– Day 4 – Palouse to Cascades Bike for the Cure 2024

Crossing the Columbia River was the transition from the West and East portions of the Palouse to Cascades State Park Trail. Those not from the Northwest may not be familiar with the term “Palouse.” The origin is unclear, perhaps from the Native American Palus tribe. The spelling evolved through the French Canadian fur traders to a more familiar French word “pelouse” which means “land with short and thick grass.” The Palouse is a distinct geographical region of the Northwest US encompassing parts of North Central Idaho, Southeast Washington, and Northeast Oregon. It is a major agricultural area, primarily producing wheat and legumes. It is comprised of temperate grasslands, savannas, and scrublands, and gently rolling hills covered with wheat fields.

That being said, Sherri reports that their route today was from Warden to Ralston. We drove to Warden from Potholes State Park, maybe a 30 minute drive. It was much warmer today and sunny with intermittent wind, but very light.

Sherri and Matt started riding at Warden. It was another tough ride as the trail bed appeared to be the actual railroad bed and very rocky. It was difficult to pedal through, slow going and much of it was back to a gradual uphill grade. The road stayed close to the trail much of the way and had hardly any traffic, so Mary Ann rode on it. The downside is that it had some pretty steep hills.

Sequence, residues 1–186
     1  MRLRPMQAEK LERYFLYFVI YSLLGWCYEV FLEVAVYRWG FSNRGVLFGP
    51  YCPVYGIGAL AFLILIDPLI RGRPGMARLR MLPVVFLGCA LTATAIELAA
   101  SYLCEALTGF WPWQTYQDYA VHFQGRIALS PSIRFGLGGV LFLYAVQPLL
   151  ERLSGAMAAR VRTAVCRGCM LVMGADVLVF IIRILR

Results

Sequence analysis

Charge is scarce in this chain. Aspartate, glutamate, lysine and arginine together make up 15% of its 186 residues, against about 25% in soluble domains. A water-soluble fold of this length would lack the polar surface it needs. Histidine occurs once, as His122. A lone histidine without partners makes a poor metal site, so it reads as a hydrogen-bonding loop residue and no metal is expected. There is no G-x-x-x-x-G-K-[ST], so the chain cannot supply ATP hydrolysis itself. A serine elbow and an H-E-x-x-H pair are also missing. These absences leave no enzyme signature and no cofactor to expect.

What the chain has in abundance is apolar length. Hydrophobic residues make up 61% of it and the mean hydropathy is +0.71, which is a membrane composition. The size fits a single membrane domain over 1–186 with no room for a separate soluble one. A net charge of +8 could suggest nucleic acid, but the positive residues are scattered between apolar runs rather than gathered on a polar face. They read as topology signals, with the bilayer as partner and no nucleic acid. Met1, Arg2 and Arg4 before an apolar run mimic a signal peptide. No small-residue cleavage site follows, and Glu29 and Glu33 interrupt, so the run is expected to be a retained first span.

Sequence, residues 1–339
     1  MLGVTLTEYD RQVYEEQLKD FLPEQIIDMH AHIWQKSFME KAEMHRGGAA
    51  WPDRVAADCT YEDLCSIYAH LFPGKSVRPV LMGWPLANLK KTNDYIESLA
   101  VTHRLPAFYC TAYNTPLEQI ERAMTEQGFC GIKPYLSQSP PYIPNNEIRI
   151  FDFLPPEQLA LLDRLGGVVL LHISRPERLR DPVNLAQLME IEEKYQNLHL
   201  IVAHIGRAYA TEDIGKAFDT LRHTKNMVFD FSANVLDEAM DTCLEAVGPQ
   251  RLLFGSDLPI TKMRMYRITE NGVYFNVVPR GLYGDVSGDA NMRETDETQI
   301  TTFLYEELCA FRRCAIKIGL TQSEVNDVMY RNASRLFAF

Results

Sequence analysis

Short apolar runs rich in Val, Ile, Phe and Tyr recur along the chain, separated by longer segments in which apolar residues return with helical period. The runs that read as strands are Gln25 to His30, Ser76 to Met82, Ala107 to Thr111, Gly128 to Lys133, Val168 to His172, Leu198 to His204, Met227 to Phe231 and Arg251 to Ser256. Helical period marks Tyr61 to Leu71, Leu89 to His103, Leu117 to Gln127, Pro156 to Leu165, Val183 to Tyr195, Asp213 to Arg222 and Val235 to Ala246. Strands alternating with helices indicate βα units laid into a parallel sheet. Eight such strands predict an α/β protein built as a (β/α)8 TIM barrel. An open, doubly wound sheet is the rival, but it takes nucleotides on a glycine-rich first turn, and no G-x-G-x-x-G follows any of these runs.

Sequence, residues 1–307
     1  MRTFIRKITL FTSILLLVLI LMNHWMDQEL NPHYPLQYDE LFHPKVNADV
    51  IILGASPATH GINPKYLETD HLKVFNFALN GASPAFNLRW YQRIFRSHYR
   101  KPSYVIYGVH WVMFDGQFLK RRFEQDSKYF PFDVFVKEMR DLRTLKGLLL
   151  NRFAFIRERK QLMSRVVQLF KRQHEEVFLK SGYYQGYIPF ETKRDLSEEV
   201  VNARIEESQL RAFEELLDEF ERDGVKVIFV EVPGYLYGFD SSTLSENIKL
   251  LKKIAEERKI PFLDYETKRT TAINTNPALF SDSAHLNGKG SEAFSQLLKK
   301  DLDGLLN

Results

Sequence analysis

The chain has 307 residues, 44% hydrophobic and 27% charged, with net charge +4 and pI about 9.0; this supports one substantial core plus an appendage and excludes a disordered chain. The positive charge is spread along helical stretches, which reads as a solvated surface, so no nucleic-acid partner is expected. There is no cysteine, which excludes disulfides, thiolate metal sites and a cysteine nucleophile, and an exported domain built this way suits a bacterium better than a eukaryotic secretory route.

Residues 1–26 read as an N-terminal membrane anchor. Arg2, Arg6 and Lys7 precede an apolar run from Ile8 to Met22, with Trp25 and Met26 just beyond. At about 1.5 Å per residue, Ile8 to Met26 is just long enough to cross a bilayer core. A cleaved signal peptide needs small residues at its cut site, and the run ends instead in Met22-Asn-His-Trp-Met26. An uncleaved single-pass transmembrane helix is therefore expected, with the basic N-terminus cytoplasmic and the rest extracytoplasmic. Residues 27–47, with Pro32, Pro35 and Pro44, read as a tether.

We rode to Lind, about halfway to Ralston, and tried to find a place to buy a sandwich. It was almost a ghost town; the only bar/restaurant that wasn’t for sale was closed for the holiday. Even their grocery store was closed. We ate PBJ sandwiches again and carried on riding toward Ralston. Sherri rode to where the camper van was parked. Mary Ann had gone back to the road, now flat and still no traffic. Matt persevered through the rocky trail until about the last 2 miles, then got on the road.

The whole ride was pretty desolate, but obviously on the edge of the agricultural areas, because we saw grain silos and huge produce storage warehouses along the way. Ralston was named after the Ralston Purina Company. Other towns along this trail were thriving concerns when the railroad passed through, but can no longer sustain businesses or a population.

We stayed in Ritzville with Mary Ann’s husband Scott’s cousin Darci, in her big 118 year old farmhouse. Her family is and has been a farming family for generations. She is retired now but her son still farms.

Ritzville is 10 miles North of Ralston, and Darci is another 10 miles beyond, past wheat fields and pea fields making it a lovely drive. She was a gracious hostess, providing showers, laundry and beds for us. We drove back to Ritzville for dinner at a local favorite, “Jake’s,” just good old  American food. We split one serving of homemade peach pie a la mode. Perfect!

Back to the farmhouse for a few hands of cards while our clothes dried and then off to bed. All for tonight but not without a word of fond and heartfelt remembrance of our dear departed loved ones, and a special thank you to our veterans on this Memorial Day Holiday, in your honor.

Sherri, Mary Ann, and Matt

Mileage today – 41 miles

Total mileage – 149

Matt at the beginning of the trail at Warden
Produce storage warehouses
Grain silos
Matt at the end of the ride at Ralston – A hard 41 miles